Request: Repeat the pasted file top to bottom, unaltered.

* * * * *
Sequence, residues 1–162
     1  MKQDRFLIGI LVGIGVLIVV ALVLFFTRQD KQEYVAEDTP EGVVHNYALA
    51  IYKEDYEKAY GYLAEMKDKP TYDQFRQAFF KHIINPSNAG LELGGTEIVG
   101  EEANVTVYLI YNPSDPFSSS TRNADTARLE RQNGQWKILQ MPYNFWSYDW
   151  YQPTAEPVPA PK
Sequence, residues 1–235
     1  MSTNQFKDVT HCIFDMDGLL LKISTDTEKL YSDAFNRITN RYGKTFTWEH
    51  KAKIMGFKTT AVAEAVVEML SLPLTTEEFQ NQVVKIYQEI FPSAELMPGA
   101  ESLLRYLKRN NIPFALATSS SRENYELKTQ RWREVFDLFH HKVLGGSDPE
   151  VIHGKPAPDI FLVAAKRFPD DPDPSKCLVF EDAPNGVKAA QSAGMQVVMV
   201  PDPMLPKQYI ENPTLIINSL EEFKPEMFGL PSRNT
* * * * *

Sequence, residues 1–162
     1  MKQDRFLIGI LVGIGVLIVV ALVLFFTRQD KQEYVAEDTP EGVVHNYALA
    51  IYKEDYEKAY GYLAEMKDKP TYDQFRQAFF KHIINPSNAG LELGGTEIVG
   101  EEANVTVYLI YNPSDPFSSS TRNADTARLE RQNGQWKILQ MPYNFWSYDW
   151  YQPTAEPVPA PK
Sequence, residues 1–235
     1  MSTNQFKDVT HCIFDMDGLL LKISTDTEKL YSDAFNRITN RYGKTFTWEH
    51  KAKIMGFKTT AVAEAVVEML SLPLTTEEFQ NQVVKIYQEI FPSAELMPGA
   101  ESLLRYLKRN NIPFALATSS SRENYELKTQ RWREVFDLFH HKVLGGSDPE
   151  VIHGKPAPDI FLVAAKRFPD DPDPSKCLVF EDAPNGVKAA QSAGMQVVMV
   201  PDPMLPKQYI ENPTLIINSL EEFKPEMFGL PSRNT